A farmer is in Iowa during a flood. The river is overflowing. Water is surrounding the farmer’s home up to his front porch. As he is standing there, a boat comes up. The man in the boat says, “Jump in, and I’ll take you to safety.”
The farmer crosses his arms and says stubbornly, “Oh no thanks, I put my trust in God.” The boat goes away. The water rises to the second story. Another boat comes up. The man says to the farmer, who is now at the second floor window, “Hurry, jump in. I’ll save you.”
The farmer again says, “Oh no thanks, I put my trust in God.”
The boat goes away. Now the water is inching over the roof. As the farmer stands on the roof, a helicopter comes over, and drops a ladder. The pilot yells down to the farmer, “I’ll save you. Climb the ladder.”
The farmer yells back, “Oh no thanks, I put my trust in God.”
The helicopter goes away. The water continues to rise and sweeps the farmer off the roof into the swiftly moving water. Unfortunately, he drowns.
The farmer goes to heaven. God sees him and says, “What are you doing here?”
The farmer says, “I put my trust in you, and you let me down.”
God says, “What do you mean, let you down? I sent you two boats and a helicopter!”
Once upon a time, somewhere in post-war Eastern Europe, there was a great famine in which people jealously hoarded whatever food they could find, hiding it even from their friends and neighbors. One day a wandering soldier came into a village and began asking questions as if he planned to stay for the night.
“There’s not a bite to eat in the whole province,” he was told. “Better keep moving on.”
“Oh, I have everything I need,” he said. “In fact, I was thinking of making some stone soup to share with all of you.” He pulled an iron cauldron from his wagon, filled it with water, and built a fire under it. Then, with great ceremony, he drew an ordinary-looking stone from a velvet bag and dropped it into the water.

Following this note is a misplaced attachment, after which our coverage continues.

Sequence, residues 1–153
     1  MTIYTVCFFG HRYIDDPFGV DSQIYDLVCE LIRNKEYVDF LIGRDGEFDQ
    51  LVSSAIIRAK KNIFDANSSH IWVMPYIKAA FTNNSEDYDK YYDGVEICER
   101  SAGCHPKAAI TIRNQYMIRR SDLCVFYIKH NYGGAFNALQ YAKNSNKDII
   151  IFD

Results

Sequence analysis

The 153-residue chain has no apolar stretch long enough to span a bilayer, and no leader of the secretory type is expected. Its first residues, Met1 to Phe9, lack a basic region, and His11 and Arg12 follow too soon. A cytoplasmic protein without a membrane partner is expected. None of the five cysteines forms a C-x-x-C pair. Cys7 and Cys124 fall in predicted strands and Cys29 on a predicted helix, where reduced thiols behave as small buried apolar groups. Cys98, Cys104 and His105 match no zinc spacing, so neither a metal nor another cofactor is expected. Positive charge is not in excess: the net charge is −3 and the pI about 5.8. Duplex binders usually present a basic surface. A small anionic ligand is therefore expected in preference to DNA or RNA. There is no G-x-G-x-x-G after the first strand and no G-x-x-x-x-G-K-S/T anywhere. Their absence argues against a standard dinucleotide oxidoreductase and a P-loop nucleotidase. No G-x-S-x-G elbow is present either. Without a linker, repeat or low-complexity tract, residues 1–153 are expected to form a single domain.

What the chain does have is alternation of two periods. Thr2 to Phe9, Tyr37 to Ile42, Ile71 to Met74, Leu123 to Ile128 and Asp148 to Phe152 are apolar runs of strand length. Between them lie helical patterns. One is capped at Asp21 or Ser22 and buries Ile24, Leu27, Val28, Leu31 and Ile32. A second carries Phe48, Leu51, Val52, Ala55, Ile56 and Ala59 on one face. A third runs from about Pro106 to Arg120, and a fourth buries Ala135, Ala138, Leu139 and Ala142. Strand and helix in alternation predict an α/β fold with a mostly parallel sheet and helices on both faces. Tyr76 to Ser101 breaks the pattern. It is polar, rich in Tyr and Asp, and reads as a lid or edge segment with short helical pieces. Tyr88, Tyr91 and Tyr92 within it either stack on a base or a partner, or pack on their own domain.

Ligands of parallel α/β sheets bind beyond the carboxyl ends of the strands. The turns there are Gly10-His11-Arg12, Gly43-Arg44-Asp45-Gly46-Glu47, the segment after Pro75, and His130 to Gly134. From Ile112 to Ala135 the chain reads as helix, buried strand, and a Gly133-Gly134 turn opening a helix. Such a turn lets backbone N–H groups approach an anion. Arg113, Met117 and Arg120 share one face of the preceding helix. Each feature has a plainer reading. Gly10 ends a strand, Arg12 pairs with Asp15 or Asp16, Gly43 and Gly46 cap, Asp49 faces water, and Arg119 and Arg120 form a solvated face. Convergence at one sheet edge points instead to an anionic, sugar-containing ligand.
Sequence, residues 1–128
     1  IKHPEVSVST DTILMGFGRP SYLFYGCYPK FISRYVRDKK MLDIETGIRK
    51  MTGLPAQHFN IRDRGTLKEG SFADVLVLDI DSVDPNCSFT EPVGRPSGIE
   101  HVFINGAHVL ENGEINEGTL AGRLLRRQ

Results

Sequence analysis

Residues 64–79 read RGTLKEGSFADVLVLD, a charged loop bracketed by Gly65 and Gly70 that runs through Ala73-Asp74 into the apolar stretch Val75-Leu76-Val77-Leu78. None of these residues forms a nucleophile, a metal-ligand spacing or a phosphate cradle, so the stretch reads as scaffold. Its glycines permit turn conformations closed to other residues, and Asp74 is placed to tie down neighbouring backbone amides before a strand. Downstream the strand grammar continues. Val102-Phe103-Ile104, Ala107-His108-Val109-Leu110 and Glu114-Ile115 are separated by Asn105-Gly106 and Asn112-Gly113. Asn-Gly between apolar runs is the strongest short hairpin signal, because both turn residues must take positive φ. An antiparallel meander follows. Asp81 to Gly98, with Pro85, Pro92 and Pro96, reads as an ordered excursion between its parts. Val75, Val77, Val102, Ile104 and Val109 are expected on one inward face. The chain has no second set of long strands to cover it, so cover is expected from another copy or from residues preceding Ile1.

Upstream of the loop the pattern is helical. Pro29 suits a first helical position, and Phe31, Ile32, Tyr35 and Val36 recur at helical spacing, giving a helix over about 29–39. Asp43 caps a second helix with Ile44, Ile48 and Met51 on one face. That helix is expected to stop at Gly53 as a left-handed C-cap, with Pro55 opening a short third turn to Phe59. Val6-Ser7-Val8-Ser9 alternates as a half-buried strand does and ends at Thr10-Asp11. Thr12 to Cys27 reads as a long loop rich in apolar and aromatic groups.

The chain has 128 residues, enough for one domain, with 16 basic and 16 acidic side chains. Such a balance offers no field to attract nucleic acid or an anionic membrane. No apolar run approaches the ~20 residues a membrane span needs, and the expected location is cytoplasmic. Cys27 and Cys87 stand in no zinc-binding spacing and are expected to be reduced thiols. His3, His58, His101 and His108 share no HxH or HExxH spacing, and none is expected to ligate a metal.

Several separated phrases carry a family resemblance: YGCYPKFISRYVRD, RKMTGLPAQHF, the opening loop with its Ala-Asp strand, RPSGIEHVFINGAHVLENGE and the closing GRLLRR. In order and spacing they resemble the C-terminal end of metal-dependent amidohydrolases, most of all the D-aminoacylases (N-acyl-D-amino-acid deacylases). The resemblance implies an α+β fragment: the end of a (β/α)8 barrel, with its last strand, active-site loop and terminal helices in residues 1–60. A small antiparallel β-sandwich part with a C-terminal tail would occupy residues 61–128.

By now, hearing the rumor of food, most of the villagers had come to the square or watched from their windows. As the soldier sniffed the “broth” and licked his lips in anticipation, hunger began to overcome their skepticism.
“Ahh,” the soldier said to himself rather loudly, “I do like a tasty stone soup. Of course, stone soup with cabbage — that’s hard to beat.”
Soon a villager approached hesitantly, holding a cabbage he’d retrieved from its hiding place, and added it to the pot. “Capital!” cried the soldier. “You know, I once had stone soup with cabbage and a bit of salt beef as well, and it was fit for a king.”
The village butcher managed to find some salt beef . . . and so it went, through potatoes, onions, carrots, mushrooms, and so on, until there was indeed a delicious meal for all. The villagers offered the soldier a great deal of money for the magic stone, but he
refused to sell and traveled on the next day sold the magic stone to the gullible villagers and built an oppulent city-state with the fortune, from which he dispatched a message to the village saying that the villagers should not use condoms, otherwise the magic stone would not work.
Both of these fables are about God. Given the current state of affairs of our species, it should be obvious which one speaks more to the truth.